Fire Department Response to Biological Threat at B'nai B'rith Headquarters Washington, D.C. [open pdf - 1017KB]
"Fire Department Response to Biological Threat at B'nai B'rith Headquarters," is a technical report of the Federal Emergency Management Agency and United States Fire Administration. "On April 24, 1997, the District of Columbia Fire/EMS Department (DCFEMS) responded to the Washington, D.C. offices of B'nai B'rith, an international Jewish organization, for a suspicious package. The package had been mailed to B'nai B'rith and contained a Petri dish labeled with wording which led local emergency responders to suspect the package might contain Anthrax and Yersinia, both disease-causing bacteria that have been used as biological weapons.Several occupants of the building complained of dizziness and headaches, additional factors that indicated the possible presence of a chemical agent as well. The DCFEMS established a perimeter around the site where the package was located, attempted to protect occupants of the B'nai B'rith building by isolating them in place, established a command post, and set up hazardous material decontamination procedures. After consultation with numerous national agencies, including the Centers for Disease Control (CDC) Biosafety Branch, responders engaged in hazmat operations to secure the package and its contents, which were then sent to a federal laboratory in Bethesda, Maryland. During the operation, DCFEMS decontaminated approximately 30 people for exposure, including civilians, police officers, and fire-rescue personnel. One security guard suffered chest pains during the incident and was transported to a local hospital for a heart attack following decontamination. Though the threat was a hoax, the incident revealed many lessons for the fire service to share in preparation for any future threats."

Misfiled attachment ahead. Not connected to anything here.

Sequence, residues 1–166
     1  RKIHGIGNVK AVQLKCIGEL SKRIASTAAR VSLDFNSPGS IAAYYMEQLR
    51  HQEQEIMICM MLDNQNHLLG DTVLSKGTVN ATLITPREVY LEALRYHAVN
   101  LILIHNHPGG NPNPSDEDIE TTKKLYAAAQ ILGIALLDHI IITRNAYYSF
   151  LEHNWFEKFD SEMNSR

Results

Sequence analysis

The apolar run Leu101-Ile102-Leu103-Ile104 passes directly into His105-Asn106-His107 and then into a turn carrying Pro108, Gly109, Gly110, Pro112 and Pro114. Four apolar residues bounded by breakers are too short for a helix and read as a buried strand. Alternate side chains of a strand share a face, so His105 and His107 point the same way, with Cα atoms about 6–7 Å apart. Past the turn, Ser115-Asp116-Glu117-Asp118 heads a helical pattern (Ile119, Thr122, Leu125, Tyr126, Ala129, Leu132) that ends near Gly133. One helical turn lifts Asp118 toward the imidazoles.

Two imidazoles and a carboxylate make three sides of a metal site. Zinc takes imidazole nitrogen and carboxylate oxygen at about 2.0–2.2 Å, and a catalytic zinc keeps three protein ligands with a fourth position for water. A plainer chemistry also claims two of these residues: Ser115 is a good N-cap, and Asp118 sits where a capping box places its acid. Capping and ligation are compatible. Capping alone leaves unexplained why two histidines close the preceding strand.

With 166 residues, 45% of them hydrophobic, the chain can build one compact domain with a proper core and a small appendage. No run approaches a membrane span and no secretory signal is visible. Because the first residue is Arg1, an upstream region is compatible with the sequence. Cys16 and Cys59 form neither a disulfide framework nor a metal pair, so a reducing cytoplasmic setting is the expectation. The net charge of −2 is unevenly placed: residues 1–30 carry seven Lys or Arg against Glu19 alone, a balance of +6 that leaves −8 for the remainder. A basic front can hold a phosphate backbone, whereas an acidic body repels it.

Report no. 114
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